You may have missed the memo (we get it, there’s been a lot going on) but the world is currently on fire. Massive blazes burn in the United States, Canada, Russia, South America, and across Europe. To give you a sense of the scale of the inferno, we’ve included maps of the wildfires, as well as images from some of the fiery scenes. Here is the lowdown.
Here in the United States the Forest Service is reporting that 2017 is shaping up to be a worse than average fire year based on acres of federal, private and state land burned. So far, 5.6 million acres of land has burned this year, or 1.8 million acres more than the ten year average of 3.8 million acres burned by this time. Some states like Nevada are saying that 2017 is the worst fire season in 15 years, while Montana has already used up much of its firefighting budget, even as much of the state remains in drought conditions according to the US Drought Monitor. The state may have to tap into reserve and federal funding, but that isn’t the only cost. Brent M. Witham, a 29-year-old firefighter from Mentone, California, was killed cutting down a tree while working on the Lolo Peak Fire.
Despite urgent conditions, funding for the nation’s six Regional Climate Centers (RCCs) which provide data that we use to help control and prevent wildfires is on the chopping block. The President’s proposed budget would slash the Centers’ budgets by 82%, from $3.65 million to $650,000.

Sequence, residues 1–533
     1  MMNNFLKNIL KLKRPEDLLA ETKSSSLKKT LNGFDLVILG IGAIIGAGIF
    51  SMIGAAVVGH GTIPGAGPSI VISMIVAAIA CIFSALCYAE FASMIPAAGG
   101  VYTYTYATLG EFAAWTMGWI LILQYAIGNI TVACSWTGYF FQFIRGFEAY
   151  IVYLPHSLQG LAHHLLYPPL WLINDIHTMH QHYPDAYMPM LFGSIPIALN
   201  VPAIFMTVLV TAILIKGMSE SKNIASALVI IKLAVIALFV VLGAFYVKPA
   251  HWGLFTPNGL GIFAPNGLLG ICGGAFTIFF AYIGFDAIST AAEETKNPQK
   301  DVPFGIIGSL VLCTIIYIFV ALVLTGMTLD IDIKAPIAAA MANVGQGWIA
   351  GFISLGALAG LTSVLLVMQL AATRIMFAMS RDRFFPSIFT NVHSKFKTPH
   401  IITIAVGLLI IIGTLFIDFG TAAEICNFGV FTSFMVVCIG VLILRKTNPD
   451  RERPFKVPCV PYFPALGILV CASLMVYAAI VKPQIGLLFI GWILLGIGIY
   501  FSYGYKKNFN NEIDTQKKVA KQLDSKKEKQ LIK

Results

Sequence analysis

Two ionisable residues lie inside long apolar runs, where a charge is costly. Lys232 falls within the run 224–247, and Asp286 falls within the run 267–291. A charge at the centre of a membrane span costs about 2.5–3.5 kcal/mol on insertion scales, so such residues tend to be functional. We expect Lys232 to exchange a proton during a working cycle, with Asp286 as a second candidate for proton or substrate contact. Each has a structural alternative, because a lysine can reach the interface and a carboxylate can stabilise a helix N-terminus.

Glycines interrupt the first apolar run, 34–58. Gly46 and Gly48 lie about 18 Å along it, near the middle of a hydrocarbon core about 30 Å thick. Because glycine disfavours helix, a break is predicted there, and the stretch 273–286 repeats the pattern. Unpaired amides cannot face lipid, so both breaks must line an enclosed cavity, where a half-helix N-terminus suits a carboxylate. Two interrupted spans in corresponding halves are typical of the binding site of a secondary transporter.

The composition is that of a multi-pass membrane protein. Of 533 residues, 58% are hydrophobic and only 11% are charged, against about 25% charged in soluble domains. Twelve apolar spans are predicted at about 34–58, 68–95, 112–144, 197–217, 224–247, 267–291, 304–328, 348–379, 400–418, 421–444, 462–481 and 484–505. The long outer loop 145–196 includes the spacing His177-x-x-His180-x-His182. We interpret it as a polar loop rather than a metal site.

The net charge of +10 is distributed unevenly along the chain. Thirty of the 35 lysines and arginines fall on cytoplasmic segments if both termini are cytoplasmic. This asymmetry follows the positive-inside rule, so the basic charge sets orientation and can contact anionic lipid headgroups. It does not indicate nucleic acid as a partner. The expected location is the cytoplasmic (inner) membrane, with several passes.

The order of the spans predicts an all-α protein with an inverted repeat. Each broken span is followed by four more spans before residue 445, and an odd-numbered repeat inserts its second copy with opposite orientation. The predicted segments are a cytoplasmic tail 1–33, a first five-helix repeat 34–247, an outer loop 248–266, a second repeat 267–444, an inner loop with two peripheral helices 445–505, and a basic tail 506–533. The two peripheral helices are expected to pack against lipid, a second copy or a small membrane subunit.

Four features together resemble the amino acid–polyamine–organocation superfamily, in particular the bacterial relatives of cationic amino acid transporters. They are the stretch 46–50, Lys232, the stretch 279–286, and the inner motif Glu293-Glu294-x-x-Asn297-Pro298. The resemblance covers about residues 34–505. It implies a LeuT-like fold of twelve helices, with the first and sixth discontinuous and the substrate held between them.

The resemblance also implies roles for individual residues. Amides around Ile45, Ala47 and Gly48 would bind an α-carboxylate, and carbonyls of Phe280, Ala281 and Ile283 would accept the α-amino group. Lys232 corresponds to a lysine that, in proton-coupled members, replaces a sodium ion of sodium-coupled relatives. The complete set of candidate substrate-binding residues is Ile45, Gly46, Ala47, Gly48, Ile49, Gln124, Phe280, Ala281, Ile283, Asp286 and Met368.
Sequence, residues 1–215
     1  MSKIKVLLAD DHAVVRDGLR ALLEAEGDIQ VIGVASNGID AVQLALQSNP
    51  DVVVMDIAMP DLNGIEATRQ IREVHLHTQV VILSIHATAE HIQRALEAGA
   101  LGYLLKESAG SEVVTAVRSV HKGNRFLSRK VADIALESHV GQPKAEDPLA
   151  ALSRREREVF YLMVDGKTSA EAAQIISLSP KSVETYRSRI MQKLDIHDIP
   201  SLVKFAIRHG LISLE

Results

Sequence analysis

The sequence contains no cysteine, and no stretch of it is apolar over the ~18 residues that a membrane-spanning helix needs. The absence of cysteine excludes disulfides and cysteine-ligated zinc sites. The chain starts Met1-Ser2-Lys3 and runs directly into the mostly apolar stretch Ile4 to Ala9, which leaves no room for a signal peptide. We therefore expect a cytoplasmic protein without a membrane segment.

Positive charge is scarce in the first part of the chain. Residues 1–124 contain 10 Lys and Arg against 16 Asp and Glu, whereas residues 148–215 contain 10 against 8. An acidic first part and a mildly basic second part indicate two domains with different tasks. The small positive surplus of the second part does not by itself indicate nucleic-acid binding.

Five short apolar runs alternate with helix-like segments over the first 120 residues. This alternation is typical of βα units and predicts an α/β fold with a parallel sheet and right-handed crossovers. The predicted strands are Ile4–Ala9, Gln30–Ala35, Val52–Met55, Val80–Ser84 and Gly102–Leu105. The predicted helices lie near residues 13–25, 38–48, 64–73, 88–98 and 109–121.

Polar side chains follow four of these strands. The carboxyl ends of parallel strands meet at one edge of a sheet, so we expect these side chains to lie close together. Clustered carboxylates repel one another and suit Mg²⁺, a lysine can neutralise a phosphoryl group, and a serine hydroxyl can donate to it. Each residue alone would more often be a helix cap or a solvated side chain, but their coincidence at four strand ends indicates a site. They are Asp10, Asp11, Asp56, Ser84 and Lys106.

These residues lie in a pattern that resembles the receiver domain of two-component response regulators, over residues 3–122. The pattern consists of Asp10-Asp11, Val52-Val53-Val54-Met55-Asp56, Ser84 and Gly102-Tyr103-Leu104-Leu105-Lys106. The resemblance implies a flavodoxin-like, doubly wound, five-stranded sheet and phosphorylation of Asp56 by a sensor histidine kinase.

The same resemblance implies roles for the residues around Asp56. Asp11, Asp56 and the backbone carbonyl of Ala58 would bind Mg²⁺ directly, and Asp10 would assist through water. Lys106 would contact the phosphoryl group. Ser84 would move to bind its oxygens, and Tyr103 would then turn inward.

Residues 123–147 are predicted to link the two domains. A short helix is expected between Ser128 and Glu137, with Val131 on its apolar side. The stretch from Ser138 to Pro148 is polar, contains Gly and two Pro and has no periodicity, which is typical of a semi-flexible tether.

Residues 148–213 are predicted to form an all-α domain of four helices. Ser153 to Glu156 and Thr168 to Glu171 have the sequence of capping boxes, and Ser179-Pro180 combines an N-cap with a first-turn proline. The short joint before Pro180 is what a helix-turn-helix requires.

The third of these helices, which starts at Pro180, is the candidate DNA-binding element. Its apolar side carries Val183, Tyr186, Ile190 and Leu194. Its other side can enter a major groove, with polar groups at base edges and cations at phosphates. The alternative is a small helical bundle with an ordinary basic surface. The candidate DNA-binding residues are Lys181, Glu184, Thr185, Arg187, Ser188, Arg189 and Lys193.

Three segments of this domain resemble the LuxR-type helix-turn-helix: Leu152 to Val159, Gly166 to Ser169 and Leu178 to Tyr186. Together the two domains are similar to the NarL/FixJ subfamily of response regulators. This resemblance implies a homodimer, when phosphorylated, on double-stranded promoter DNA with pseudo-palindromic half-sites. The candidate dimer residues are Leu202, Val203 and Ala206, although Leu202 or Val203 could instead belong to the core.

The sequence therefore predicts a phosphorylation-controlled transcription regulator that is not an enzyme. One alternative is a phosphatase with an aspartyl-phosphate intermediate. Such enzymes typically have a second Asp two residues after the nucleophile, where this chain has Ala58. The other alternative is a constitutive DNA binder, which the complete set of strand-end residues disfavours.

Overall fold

The Centers were originally developed in the 1980s with bipartisan support because of the service and expertise they provide as data collectors, analyzers and subject matter experts. If they’re eliminated, “We would lose a lot of fundamental climate services,” Tim Brown, Research Professor Climatology Director Western Regional Climate Center told Popular Science. “That includes information for decision makers for drought, fires and floods, and impacts, on transportation and human health, water supplies, energy and disaster management planning, all of these areas the regional climate center program supports.”
On a more concrete level this includes banal information, such as yesterday’s temperature high and low—that’s Regional Climate Center Data. More critically, if we’re talking fires, this also means the loss of Western Based US Drought Monitoring Author which adds to the weekly drought map that government uses to allocate drought relief as well as an early drought warning system—i.e. the conditions which can precede wildfires.
Across the border from the United States, fires are also currently scorching Canada’s British Columbia. This is the province’s second worst fire season on record and NASA satellites have identified the conflagration from space. It’s unsurprising that the smoke is billowing over the border into nearby Seattle in Washington state which for much of last week was also under a heat advisory. On Thursday, the city hit a record breaking 94 degrees at the Seattle Tacoma airport. The regular high for the region at this time of year is 77 degrees. Between the heat and the fact that the region has been, according to US Drought Monitor is unnaturally dry that wildfires are knocking on their door is unsurprising.
1 AM and it's 77 degrees in Seattle. That's our normal daily high temperature for this time of year. #wawx— NWS Seattle (@NWSSeattle) August 3, 2017